One of my friends is the great grand daughter of the founder of the family and she and her brother and sister and their partners now own the property and run a small vineyard in their spare time.

The amazing thing about all this is that the family have kept every thing they ever owned, from farm receipts, to invoices, to letters, postcards, photos, books, handwork, tools, utensils, furniture, cushions, paintings, knickknacks - everything! Nothing was ever disposed of - not even receipts for furniture that was purchased when the house was built.. Now the current generation have carefully and lovingly restored and catalogued every item, have researched the family history, compiled photo albums, letter collections etc. The whole house looks as if the 5 daughters have simply stepped out for a moment. It is a time warp of farm life for the last 100 years. It isn't museum, do not touch stuff. The family visits every weekend and lives there in the holidays. It is all very functional and comfortable and the most fascinating place I have ever stayed in.

I would just love the chance to get my hands on the garden and create a setting for the house - but then I guess that would be unrealistic as farmers in those times did not usually have much time for the garden. But there are wonderful old outbuildings and fruit trees and shrubs that are part of the history of the property.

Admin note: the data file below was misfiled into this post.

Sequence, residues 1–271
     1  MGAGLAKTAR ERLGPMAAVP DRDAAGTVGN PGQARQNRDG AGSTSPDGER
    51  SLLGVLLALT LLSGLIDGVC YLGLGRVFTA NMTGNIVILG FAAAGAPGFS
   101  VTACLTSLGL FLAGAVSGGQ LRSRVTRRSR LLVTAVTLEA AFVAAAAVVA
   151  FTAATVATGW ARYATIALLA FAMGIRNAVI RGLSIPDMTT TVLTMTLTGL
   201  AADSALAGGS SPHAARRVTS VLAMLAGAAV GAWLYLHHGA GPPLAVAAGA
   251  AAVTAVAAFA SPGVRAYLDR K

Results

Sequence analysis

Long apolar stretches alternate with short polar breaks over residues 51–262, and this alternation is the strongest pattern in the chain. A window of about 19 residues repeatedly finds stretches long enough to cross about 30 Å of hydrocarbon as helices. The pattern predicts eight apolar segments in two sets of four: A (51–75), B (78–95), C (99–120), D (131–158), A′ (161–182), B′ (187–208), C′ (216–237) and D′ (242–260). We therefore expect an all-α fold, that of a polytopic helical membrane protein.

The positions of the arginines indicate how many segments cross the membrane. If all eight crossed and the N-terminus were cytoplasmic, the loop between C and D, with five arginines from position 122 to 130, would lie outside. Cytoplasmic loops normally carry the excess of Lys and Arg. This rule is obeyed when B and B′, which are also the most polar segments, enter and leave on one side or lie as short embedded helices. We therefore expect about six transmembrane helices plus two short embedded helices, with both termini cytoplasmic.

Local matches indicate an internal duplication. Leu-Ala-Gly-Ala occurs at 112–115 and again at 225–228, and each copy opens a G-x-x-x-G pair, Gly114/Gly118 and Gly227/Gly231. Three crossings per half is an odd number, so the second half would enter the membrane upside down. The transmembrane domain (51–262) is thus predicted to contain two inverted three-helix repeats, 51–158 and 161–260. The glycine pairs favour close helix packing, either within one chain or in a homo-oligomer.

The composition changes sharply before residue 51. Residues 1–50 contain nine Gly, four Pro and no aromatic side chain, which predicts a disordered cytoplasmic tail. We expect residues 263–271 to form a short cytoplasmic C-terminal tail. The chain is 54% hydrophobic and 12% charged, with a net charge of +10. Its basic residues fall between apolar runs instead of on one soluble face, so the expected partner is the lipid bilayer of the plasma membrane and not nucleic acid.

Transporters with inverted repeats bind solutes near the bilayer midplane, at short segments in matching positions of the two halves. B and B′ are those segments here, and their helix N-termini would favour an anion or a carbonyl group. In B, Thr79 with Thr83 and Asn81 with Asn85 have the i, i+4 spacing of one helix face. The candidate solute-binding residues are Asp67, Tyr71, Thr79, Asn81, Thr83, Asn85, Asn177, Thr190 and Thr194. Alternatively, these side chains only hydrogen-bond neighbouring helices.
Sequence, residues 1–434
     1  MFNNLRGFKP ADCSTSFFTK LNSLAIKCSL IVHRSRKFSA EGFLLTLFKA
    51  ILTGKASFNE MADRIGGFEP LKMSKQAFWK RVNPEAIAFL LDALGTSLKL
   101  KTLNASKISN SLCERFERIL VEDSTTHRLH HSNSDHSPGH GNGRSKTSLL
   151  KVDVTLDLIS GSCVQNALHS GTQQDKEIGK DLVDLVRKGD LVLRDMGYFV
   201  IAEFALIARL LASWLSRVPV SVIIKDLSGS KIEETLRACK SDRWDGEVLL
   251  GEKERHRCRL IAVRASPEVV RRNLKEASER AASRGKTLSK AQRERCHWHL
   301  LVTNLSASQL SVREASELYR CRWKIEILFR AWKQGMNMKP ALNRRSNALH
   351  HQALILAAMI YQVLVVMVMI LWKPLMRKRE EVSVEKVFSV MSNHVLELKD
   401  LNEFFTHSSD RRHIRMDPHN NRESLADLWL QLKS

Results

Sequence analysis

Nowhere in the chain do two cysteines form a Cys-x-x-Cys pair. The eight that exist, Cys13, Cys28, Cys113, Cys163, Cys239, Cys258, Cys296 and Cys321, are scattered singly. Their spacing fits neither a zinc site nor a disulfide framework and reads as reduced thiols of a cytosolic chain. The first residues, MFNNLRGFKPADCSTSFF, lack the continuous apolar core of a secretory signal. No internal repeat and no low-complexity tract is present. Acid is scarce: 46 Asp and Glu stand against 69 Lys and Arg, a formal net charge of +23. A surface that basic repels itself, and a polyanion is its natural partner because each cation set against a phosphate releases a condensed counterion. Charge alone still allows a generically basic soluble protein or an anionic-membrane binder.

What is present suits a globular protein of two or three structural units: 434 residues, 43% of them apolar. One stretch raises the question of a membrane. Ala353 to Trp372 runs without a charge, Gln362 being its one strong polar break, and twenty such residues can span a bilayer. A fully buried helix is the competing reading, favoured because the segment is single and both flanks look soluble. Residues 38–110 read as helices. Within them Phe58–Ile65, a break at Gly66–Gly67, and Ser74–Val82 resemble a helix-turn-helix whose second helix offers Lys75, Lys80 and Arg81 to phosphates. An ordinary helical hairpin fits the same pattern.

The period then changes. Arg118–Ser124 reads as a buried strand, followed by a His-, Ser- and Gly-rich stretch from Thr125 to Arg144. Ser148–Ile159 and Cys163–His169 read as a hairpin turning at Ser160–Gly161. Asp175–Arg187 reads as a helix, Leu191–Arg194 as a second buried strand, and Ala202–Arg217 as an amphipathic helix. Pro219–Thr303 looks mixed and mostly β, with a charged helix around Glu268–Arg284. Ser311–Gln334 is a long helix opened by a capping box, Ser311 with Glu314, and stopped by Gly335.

Unfortunately this time I did not take photos - I was too busy exploring and examining everything, but next time I will take some snaps of this amazing old property.

Liz Needle

Saturday, September 30, 2006

Mintabie photos

I find the mysteries of blogging totally unfathomable. I think I have done the right thing, but nothing seems to have worked, then somehow like magic, at the push of a button, it appears. At times I think that I publish anything is sheer good luck, but at other times, when it works, I decide that I am a computing genius.
Here are some photos that should have been included in the Mintabie blog, but somehow missed out. I hope I haven't doubled up, but then again, does it really matter. his blog is mainly for my enjoyment. I hope in the process that you get some pleasure from it too.


September 29th

Day 1 of the holidays is almost over - very quietly, without fireworks. Mark has gone off to a new job at Mount Lofty Summit Restaurant and Don and I have spent a quiet and peaceful Saturday at home together.

I thought I would tell you a bit about the trip to Mintabie I mentioned earlier in the blog.

Our school is involved in an interschool partnership called "Bushband SA". The history of Bushband is long and involved, but briefly it is the brainchild of a previous principal of mine and it involves children from different schools going on trips together and performing in a variety of places in Australia. Since I have been involved we have travelled to Tasmania (twice), Broken Hill, Frances Folk Festival in the south-east of SA and to Fleurieu Peninsula in SA. This year, because our founder has moved to Port Augusta in the far north of South Australia, we had an outback adventure and we took out choir and dance group to Mintabie. Mintabie is a very small opal mining community in the very far north of the state - real outback country, where the rainfall for the year has been 25mm.